Unless you look closely into it, hyponymy might appear a kind of trivial subject. But it has its hidden depths. Two points can be made about hyponomy here. First, recall again the discussion we had about whether tomatoes and avocados are vegetables or fruit. To summarise, we said that English-speakers generally conceive of them as fruit, although technically (scientifically, and in some other languages) they are classified as fruit. In hyponymy, then, we would categorise them as vegetables, because here we are interested in the structure of mental concepts, not in the structure of botanical species. Thus tomato and avocado would be a co-hyponym with carrot in English, while avocado would be a co-hyponym with strawberry or passion fruit in Portuguese. Hyponomy can give insights into the way different cultures structure reality.
Secondly, as I said a few minutes ago, synonymy can actually be seen as a special case of hyponomy. All we need to do is alter our formula for hyponymy slightly and we come up with another formula for synonymy:
Take two sentences, S1 and S2, which differ only in one word – x is substituted by y. If S1 implies S2 and S2 also implies S1, then y is a synonym of x in that context.
Try it out with ‘couch’ and ‘sofa': If She was lying on the sofa implies She was lying on the couch and She was lying on the couch also implies She was lying on the sofa then ‘couch’ and ‘sofa’ are synonyms in that context. Again, for some people, with different mental concepts of sofa and couch, they may not be synomyms, but for many people they probably are.
The main point to grasp here is that logical formulae involving implications are being used to clarify and define semantic terms and relations. Much work in semantics became very formulaic and algebraic for much of the first half of the twentieth century. After the 1950’s things loosened up a bit, as we shall see later in the course.
After synonymy and hyponymy, antonomy should be a cinch, a pushover, a trifle, a thing of naught, mere child’s play, a piece of cake, duck soup. But it isn’t.
Let’s try a little audience participation, to cheer things up. I’ll give you a word, and you give me its opposite, its antonym. So, when I say hot you say cold, and so on. Got the picture? Ok, let’s go.
Single (Divorced?) (Separated?)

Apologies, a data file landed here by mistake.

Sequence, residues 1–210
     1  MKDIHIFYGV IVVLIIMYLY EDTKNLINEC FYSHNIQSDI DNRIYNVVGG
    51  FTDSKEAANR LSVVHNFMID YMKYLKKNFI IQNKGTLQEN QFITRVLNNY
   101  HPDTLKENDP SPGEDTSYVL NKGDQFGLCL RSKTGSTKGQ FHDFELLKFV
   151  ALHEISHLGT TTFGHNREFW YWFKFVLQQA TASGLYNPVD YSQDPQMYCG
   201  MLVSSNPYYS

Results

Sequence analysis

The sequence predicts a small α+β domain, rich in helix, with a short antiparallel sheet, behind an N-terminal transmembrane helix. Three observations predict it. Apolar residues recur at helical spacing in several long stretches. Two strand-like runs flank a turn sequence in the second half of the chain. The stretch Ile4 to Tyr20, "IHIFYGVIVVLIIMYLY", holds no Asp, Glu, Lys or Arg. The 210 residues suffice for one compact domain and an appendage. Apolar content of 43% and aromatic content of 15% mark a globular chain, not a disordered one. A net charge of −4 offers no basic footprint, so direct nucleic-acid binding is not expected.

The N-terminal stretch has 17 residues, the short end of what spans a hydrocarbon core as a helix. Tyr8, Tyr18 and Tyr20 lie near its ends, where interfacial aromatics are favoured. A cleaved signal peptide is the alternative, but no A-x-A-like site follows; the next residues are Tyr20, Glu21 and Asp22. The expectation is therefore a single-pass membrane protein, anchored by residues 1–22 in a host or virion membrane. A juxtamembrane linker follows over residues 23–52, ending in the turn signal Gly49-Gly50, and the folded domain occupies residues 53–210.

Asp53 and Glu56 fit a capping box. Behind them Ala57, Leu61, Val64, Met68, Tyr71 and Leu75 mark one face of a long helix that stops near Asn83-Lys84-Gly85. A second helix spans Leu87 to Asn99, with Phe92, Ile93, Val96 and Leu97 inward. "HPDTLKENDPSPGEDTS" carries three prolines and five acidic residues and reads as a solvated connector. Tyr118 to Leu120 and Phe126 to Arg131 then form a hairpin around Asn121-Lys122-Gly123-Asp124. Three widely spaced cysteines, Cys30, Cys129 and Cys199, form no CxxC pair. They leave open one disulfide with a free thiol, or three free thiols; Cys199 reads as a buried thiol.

Winter? (Autumn?) (Spring?)
It should be clear from this little activity, that not all words have opposites, or at least, not all words have opposites in the same way. In semantics, antonyms are just one aspect of what is more broadly referred to as incompatibility of meanings. I want to conclude today’s lecture by looking briefly at different ways in which word meanings can be incompatible.
Technically, antonomy is restricted to those words like hot/cold, big/small which are often gradable adjectives. The ‘opposites’ can be seen as occupying space at diametrically-opposite ends of a scale, thus big/small, huge/tiny.
Complementarity applies to two-term sets of words where one excludes the other. Thus if you are married, it implies that you are not single; and if you are single, it implies you are not married. Other states fall into the general semantic field, but if you are divorced or separated you can argue that you are single once more. The same kind of relation holds for up and down.
Relations of converseness are said to apply to words like buy/sell; give/receive; husband/wife. Again implications are used to clarify this relationship. If you buy something from me, then it implies that I sell something to you. If x is y’s husband, it implies that y is x’s wife. Like complementarity, converseness relates to two-term sets of words.
The most general type of ‘oppositeness’ is simply incompatibility. This is a little like complementarity but pertains to sets of words greater than two. Seasons of the year fall into a four-word set, although we tend to perceive summer/winter, spring/autumn as opposites. As numbers in the set increase (to twelve with months of the year) it is more difficult to assign a single opposite to each word. But we can say that a sentence like ‘It’s January’ implies that it isn’t February/March/April/etc. If it is one, then it is not one of a set of others.
Antonymy, incompatibility, or oppositeness, then, is a sense relation which again tells us a lot about the ways in which vocabulary is structured in English. So far we have been looking at present-day English and assuming that meanings, though complex, are fairly stable. Next week we shall look at how the meanings of words change and what happens when they do.